Tab. 3 shows the structure of the slice discriminative network used in this paper. The slice discriminative network uses convolution, linear, LeakyReLU, and batch normalization.
3.3 Objective Function
The network proposed in this paper does not use the objective function of a cGAN described in Section 2. As mentioned in Gulrajani et al. , GANs are difficult to train. Methods to find ways to train GANs continuously are still being studied. To address the training difficulties of GANs, Gulrajani et al.  proposed the Wasserstein GAN gradient penalty (WGAN-GP). An existing Wasserstein GAN (WGAN) used the earth mover’s distance (EMD) to calculate the distribution of generated data and real data. The objective function of a WGAN was created by applying the duality of Kantorovich-Rubinstein. The objective function of a WGAN in the generative network is Eq. (4), and the objective function of a WGAN of the discriminative network is to refer to Eq. (5).
Gulrajani et al.  developed a WGAN by adding a gradient penalty such as Eq. (6) to a WGAN. The points sampled in a straight line between the points sampled from the real data distribution and the generated data distribution is called .
In this paper, the objective function was defined by adopting ideas from Yu et al. , which was used by slightly modifying WGAN-GP. Since the image inpainting can be done by predicting the hole area in the image, the slope penalty is calculated using the product of the slope and the input mask . It was modified and defined as in Eq. (7). denotes the pixel product. If the mask value is 0, it is a damaged pixel; otherwise, it is 1.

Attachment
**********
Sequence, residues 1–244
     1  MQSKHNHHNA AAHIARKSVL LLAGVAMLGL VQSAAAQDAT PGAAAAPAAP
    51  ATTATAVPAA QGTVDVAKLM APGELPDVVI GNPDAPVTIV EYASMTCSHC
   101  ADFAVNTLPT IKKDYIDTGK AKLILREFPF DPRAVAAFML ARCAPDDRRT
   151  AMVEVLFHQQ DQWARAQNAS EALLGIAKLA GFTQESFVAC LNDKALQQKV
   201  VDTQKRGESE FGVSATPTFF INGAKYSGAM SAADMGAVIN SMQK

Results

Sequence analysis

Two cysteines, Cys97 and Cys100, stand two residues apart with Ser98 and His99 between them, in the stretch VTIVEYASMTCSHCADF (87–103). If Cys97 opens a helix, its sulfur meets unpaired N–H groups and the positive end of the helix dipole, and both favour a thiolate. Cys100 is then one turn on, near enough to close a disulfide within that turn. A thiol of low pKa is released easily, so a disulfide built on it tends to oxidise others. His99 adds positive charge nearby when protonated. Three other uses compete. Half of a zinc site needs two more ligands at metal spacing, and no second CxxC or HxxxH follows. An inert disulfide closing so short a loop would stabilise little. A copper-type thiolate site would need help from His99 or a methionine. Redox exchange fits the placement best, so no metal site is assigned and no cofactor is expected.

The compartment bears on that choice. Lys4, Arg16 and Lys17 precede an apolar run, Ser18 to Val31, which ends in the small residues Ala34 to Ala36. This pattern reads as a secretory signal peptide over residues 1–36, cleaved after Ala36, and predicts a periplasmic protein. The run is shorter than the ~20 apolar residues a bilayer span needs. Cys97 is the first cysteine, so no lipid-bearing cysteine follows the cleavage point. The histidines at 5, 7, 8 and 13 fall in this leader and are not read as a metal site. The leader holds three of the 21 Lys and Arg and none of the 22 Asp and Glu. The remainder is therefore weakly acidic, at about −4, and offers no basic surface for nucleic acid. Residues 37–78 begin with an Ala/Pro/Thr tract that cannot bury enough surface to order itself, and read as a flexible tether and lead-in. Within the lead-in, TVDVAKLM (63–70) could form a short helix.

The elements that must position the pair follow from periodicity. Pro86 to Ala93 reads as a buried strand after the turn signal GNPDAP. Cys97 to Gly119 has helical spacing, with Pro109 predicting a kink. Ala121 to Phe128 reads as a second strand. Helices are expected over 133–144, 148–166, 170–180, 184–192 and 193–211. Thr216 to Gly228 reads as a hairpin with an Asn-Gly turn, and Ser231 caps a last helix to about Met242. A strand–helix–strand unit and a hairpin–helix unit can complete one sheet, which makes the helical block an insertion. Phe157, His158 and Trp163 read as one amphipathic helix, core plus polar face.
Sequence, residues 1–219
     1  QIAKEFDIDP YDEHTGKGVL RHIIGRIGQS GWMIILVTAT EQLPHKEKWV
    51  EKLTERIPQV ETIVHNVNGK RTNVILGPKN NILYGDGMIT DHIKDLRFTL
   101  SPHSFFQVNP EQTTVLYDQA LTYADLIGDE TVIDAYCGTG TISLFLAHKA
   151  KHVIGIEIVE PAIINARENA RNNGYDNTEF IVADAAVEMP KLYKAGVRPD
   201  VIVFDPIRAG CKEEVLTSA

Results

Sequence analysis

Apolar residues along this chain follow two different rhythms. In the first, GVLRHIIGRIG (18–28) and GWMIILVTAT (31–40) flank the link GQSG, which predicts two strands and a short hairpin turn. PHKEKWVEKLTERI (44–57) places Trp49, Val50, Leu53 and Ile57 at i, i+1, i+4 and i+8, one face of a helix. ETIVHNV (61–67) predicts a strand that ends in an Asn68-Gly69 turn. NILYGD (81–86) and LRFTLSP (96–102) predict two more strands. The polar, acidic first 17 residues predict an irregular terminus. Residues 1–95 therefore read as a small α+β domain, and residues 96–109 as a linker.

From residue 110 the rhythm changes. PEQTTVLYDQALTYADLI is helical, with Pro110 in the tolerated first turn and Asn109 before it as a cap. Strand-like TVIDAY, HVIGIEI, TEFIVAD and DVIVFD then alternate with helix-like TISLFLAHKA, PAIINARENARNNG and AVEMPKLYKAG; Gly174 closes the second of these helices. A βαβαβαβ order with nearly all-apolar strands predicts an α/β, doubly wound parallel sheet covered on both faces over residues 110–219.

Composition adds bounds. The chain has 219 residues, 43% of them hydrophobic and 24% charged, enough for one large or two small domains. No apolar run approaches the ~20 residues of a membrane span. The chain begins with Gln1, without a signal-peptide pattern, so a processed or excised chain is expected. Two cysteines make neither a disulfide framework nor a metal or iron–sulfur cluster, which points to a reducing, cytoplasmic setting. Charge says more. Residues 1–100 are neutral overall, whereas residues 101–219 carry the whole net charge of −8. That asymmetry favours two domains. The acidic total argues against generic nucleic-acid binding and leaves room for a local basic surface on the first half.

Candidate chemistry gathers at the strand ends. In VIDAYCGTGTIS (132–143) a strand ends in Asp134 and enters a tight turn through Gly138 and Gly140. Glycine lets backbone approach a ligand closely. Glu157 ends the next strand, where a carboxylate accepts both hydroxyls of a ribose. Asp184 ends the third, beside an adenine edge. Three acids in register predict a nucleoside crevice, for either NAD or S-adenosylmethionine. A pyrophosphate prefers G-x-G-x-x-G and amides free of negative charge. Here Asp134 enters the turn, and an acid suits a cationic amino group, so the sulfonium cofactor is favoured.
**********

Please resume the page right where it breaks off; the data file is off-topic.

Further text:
We used the weighted sum of the losses in the pixel direction and the adversarial losses in the WGAN. The loss function is Eq. (8) and the final objective function is Eq. (9).
In all experiments, was set to 0.001, was set to 10, and was set to 1.2.
This section shows an example of the dataset used in this paper. The proposed network trains network by using the image converted from the equirectangular format panoramic image to the cube map format panoramic image.
In this paper, we used the street view equirectangular format panorama dataset provided in Chang et al. , which contains approximately 19,000 images. Because the images are street views, they can be divided into buildings and scenery. Let’s call the building-rich images the building dataset and the tree-rich images the scenery dataset. There are 10,650 and 5080 images of buildings and scenery, respectively. In this paper, we confirmed the performance of the network with two building datasets and two scenery datasets.
As shown in Fig. 5a, when training with the equirectangular format panoramic dataset itself, the resolution of the panoramic images is high, resulting in a memory shortage, and the distortion of the equirectangular format panoramic images is challenging to train. To solve this, we lowered the resolution of the equirectangular format panoramic images and used images converted to a cube map format with relatively little distortion, as shown in Fig. 5b below.
The panoramic image in the cube map format has six faces, as shown in Fig. 5b. Each side is referred to by a face name listed in Fig. 6. In this paper, the six faces are used in the following order: F, R, B, L, T, and D.
Most inpainting studies use two hole types to study inpainting: Rectangular masks in the form of Fig. 7a and free-form masks such as Fig. 7b are used to erase the shape of objects.